On The Trail With Barack Obama: From the Rapid-Fire Dispatches of One Bill Stetson
Norwich notable Bill Stetson has been a fixture on the campaign trail this year, from Dartmouth to Des Moines, never far from the fast-moving operation of Illinois Senator Barack Obama. Bill’s latest dispatch, along with a birds-eye view from his tiny point-and-shoot Canon, follows. For the record, we’re just weeks out from NH.
Yesterday morning, after dropping my daughter at school up the Conn River valley, I realized that I must keep driving north. I flew through the fog up I-91 to I-93 South.
Littleton High School, which takes a dowser to find, sits atop a nameless hill in this odd but interesting town — just a few miles east of the sign: “Gateway to the White Mountains.”
After signing in, waiting, chatting with the pleasant North Country folk, we herded ourselves into the gym, and listened to a local veteran nervously but passionately introduce his candidate.
Then the smiling high schoolers screamed in delight as this seemingly strange man with an even stranger name bounded onto the runway and stage before them.
These are good kids who want a better life than that of the generations that followed the timber and mill booms and busts — their grandparents, parents.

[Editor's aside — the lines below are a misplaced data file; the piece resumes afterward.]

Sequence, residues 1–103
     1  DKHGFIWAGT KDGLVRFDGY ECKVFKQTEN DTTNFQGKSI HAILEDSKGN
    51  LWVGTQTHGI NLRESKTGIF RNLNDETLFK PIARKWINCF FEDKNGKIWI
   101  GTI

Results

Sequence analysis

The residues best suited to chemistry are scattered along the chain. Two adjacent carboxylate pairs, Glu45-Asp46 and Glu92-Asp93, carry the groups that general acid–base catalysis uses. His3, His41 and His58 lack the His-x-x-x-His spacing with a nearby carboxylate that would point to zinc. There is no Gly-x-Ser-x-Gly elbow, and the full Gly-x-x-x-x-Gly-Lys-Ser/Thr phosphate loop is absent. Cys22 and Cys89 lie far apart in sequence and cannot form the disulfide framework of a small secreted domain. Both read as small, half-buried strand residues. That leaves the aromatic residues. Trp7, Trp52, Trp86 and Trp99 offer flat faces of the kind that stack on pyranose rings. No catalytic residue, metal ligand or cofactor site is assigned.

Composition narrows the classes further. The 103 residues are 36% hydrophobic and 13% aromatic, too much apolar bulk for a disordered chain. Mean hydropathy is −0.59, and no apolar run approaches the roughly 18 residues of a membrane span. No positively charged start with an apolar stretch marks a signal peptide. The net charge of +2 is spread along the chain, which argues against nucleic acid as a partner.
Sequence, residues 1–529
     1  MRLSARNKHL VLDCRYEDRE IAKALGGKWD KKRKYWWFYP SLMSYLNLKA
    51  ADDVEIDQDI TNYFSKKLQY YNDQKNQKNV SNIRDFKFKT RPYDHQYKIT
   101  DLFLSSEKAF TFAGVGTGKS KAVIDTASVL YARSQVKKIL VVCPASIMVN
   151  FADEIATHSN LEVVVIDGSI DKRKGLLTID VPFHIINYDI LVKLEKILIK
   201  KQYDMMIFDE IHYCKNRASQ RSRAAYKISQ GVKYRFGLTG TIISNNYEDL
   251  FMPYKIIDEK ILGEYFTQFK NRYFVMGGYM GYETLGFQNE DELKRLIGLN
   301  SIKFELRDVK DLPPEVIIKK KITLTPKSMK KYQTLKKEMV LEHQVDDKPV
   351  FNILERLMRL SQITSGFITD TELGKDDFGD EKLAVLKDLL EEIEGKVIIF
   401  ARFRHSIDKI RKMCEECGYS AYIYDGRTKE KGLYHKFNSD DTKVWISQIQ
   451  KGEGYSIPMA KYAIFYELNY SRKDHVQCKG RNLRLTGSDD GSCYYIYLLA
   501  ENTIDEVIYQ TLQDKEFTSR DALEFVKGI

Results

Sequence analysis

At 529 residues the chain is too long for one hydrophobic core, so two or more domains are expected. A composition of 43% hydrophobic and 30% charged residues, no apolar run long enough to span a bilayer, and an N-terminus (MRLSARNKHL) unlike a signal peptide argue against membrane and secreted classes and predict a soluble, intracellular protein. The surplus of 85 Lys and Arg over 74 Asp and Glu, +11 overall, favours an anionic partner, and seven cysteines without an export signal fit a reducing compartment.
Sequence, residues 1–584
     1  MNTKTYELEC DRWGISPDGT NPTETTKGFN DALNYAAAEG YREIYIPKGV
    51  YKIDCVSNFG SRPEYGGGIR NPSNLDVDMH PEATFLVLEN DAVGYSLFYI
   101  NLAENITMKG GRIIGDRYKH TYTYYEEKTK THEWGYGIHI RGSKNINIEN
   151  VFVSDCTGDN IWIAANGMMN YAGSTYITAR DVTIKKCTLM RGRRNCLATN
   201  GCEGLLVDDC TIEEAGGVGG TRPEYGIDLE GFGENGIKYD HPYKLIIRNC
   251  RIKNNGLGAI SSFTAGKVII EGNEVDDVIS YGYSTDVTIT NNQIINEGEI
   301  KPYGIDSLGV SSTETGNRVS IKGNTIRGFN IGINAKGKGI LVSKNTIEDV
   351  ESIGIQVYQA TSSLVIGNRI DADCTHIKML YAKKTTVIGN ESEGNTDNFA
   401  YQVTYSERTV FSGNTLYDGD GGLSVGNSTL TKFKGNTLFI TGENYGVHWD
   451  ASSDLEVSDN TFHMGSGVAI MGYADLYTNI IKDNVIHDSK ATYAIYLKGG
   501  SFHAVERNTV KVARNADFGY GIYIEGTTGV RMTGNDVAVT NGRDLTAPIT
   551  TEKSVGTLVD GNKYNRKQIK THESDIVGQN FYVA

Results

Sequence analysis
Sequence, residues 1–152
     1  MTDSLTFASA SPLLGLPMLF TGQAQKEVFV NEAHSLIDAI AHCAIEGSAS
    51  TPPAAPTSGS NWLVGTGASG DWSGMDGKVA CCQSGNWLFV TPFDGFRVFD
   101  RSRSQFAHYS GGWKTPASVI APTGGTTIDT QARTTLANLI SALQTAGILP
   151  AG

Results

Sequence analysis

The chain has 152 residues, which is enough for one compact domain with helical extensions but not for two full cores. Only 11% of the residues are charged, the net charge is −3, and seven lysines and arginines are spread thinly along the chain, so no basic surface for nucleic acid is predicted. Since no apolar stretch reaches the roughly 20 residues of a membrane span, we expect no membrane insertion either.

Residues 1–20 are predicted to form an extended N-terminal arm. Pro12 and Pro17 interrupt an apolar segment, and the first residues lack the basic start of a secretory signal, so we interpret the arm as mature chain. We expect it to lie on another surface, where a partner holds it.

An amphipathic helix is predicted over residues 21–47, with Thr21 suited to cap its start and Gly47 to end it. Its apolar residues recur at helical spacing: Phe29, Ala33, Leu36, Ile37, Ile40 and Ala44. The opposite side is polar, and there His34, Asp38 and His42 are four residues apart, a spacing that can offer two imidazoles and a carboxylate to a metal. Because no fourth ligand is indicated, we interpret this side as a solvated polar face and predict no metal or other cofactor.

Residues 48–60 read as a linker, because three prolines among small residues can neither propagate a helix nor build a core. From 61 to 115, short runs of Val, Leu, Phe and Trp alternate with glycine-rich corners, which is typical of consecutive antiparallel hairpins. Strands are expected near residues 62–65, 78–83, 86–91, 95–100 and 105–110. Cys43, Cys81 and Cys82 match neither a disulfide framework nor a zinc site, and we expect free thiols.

They responded honestly — quietly to references on foreign policy, louder to a reference to the freedom offered by the Second Amendment, louder yet to references to the failures of “No Child Left Behind.”
North Country values.
There was not much sentiment in that room for the war, but tears for a family (introduced) who had recently lost a son — and pride for that local young man.
Obama, looking rested and energetic, unlike a month ago, used words we’ve all heard for the last few months — hope, positive, fair, (we’re) back. But he added phrases like: “I’m raring to serve my country as your President” — sporting a big, big smile.
Barack brought the crowd to its feet with the “Fired up! Ready to go!” chant, and then, suddenly, it was over.
Then it happened.
I had slipped in to get a feel for the candidate’s message and state-of-mind. As a somewhat peripheral adviser to the campaign, I feel I need to get a glimpse of these rallies — I love them. So, I thought I was a speck in the crowd.
But Obama seeks out those who help him, and he loves Vermonters (his biggest supporters per capita in New England, probably the nation).
He bee-lined over to me: “How’s Jane? How’s Vermont?” Then it came, not a New England thing — a big bear hug.
I love this guy.